What’s the Difference Between Nonprofit and Not for Profit?
The difference between nonprofit and not for profit is more than a question of grammar. These are two distinct types of organizations with unique legal requirements and functions.
What they have in common is that neither is created for the purpose of generating profit. Although both a nonprofit organization (NPO) and not for profit organization (NFPO) do receive revenue, that income is used to further the organization’s mission rather than be distributed to shareholders.
If you are interested in forming a philanthropic organization, it’s important to understand how these two types of organizations are defined and what their limitations are.
What does nonprofit mean? Nonprofits have a mission to serve the public good, whereas a not for profit organization is created to serve the social welfare of a select group of individuals.
Nonprofit organizations are centered on any of these missions:
- Testing for public safety
- National or international amateur sports competition
- Prevention of cruelty to children or animals
Not for Profit Mission
There are fewer not for profit organizations than nonprofits in the United States, and they tend to be both smaller in size and narrower in their missions. While an NPO does have a target audience and purpose, an NFPO can be limited to the membership of a specific group.
Not for profit organizations often include:
- Youth sports leagues
- Political or social advocacy groups
- Trade associations or unions
- Special interest or hobby groups
Nonprofit Tax Status
The most significant benefit of organizing as a nonprofit or not for profit is tax exemption.
NPOs apply to the IRS to be granted 501(c)3 status, which means they are:
- Exempt from paying federal income tax on donations or other revenue sources
- Able to receive a tax-deductible donation from individual and corporate donors
- Qualified to apply for exemption from state and local property and sales tax
If you’re wondering, “can an LLC be a nonprofit, and does the nonprofit tax status still apply,” well, it is possible. However, for an LLC to become a nonprofit, you will need to comply with numerous requirements. Plus, you will have to be a subsidiary of a more established nonprofit organization.
Not for Profit Tax Status
Not for profit organizations also apply for qualifying tax exempt status and a nonprofit EIN number by the IRS, but the major difference is that they are not able to offer tax deductibility as a benefit to their donors. Because NFPOs do not entirely meet the strict requirements of a 501(c)3 nonprofit in terms of either who they serve or their involvement, donors are still taxed on any money they give.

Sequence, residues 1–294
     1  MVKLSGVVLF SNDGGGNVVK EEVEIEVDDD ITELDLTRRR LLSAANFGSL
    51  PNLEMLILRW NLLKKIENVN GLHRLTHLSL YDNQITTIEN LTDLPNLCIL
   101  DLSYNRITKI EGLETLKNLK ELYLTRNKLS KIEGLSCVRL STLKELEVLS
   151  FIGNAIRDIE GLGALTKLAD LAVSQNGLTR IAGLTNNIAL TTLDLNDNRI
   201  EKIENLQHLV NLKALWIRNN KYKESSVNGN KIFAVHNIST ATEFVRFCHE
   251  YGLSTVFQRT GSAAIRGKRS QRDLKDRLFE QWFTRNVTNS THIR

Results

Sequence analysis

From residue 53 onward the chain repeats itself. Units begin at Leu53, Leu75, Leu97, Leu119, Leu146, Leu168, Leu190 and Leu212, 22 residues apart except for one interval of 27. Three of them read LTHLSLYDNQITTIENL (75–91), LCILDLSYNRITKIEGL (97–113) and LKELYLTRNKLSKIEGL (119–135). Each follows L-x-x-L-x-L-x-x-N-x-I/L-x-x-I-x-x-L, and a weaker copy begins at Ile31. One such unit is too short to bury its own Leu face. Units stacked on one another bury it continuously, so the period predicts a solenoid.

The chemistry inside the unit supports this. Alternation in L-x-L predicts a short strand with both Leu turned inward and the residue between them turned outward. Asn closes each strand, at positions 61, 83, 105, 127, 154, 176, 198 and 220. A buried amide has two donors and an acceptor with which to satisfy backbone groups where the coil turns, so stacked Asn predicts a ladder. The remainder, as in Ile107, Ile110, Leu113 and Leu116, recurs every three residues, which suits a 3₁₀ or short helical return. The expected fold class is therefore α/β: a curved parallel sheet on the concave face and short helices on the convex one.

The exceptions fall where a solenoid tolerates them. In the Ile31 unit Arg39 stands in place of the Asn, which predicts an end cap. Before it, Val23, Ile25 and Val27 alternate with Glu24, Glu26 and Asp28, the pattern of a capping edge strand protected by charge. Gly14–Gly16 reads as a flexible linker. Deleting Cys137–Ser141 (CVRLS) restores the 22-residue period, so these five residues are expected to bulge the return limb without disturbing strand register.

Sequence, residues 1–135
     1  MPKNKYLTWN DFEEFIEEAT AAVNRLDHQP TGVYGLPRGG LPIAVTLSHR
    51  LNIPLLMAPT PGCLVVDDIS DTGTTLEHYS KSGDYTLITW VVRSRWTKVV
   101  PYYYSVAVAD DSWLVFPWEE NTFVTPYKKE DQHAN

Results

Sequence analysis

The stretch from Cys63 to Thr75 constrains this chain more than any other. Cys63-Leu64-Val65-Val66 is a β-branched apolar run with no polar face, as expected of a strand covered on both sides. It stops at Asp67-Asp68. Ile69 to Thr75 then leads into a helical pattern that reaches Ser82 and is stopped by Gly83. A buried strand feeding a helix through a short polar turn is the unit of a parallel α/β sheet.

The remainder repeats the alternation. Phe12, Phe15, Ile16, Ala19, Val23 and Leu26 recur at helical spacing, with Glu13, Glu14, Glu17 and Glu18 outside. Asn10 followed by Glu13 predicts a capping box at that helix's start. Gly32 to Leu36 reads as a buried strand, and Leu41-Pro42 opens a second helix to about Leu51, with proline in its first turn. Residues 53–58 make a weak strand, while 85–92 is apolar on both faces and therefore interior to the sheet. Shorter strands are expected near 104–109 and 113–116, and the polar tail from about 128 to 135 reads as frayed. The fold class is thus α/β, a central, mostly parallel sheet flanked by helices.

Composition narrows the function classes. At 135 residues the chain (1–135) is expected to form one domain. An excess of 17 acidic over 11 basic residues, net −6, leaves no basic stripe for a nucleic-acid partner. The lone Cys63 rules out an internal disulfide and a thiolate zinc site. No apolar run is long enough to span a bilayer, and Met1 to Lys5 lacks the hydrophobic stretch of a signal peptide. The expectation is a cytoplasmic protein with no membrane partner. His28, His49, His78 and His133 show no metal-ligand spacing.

The most common types of NFPO designations under the IRS are:
- 501(c)4 – Civic leagues, social welfare organizations, local associations of employees, homeowners associations, and volunteer fire companies
- 501(c)5 – Labor, agricultural, and horticultural organizations or unions
- 501(c)6 – Business leagues, chambers of commerce, real estate boards
- 501(c)7 – Social and recreational clubs
Nonprofit and Not for Profit Political Involvement
Nonprofits have strict rules preventing them from endorsing any politician or political movement, severely limiting their legislative involvement.
Most NFPOs under other 501(c) designations are freely able to:
- Publicly endorse legislation
- Participate freely in lobbying to help pass or repeal legislation
- Engage in political campaigning, including endorsing candidates
- Focus on promoting social or political change
However, there may be limits on political involvement imposed for groups accepting federal grants or aid.
More Differences Between Nonprofit and Not for Profit Organizations
Tax status and political activity are two of the primary differences between an NPO and an NFPO, but that’s not all. More distinctions to note include:
- Financial and operations reporting – NPOs need an open-books policy on their finances and structure. This is both to prove adherence to IRS regulations and provide potential donors a report card on how their money is being used.
- Legal entity and charter – NPOs are set up using the same process as for-profit businesses, by incorporating as a separate legal entity in their state and registering in other states in which they will operate. This involves several steps and requirements, including setting up a nonprofit board of directors, bylaws, and a legal name.
- Staffing and structure – NPOs have formal organizational structures, including a nonprofit board of directors, paid employees (often with roles and titles similar to those found in for-profit companies), and volunteers. NFPOs are usually run by volunteers and may have little formality in smaller groups.
- Dual operations – While an NFPO cannot operate as an NPO, the reverse is not true. A nonprofit organization can operate a not for profit organization, event, or activity.
So what’s the difference between nonprofit and not for profit? There are a number of variables, but with a high reliance on donations to fund their missions, most charities benefit from using the nonprofit business model. Corporate and individual donors place a high value on tax deductibility, and their support will help you make the world—or your corner of it—a better place.
Wall Street Mojo. Non Profit vs Not for Profit.
Charity Navigator. Types of Nonprofits.
IRS. EO Operational Requirements: Endorsing Candidates for Public Office.
Congressional Research Service EveryCRSReport.com. Lobbying Regulations on Non-Profit
UpCounsel. Not for Profit vs Nonprofit: Everything You Need to Know.
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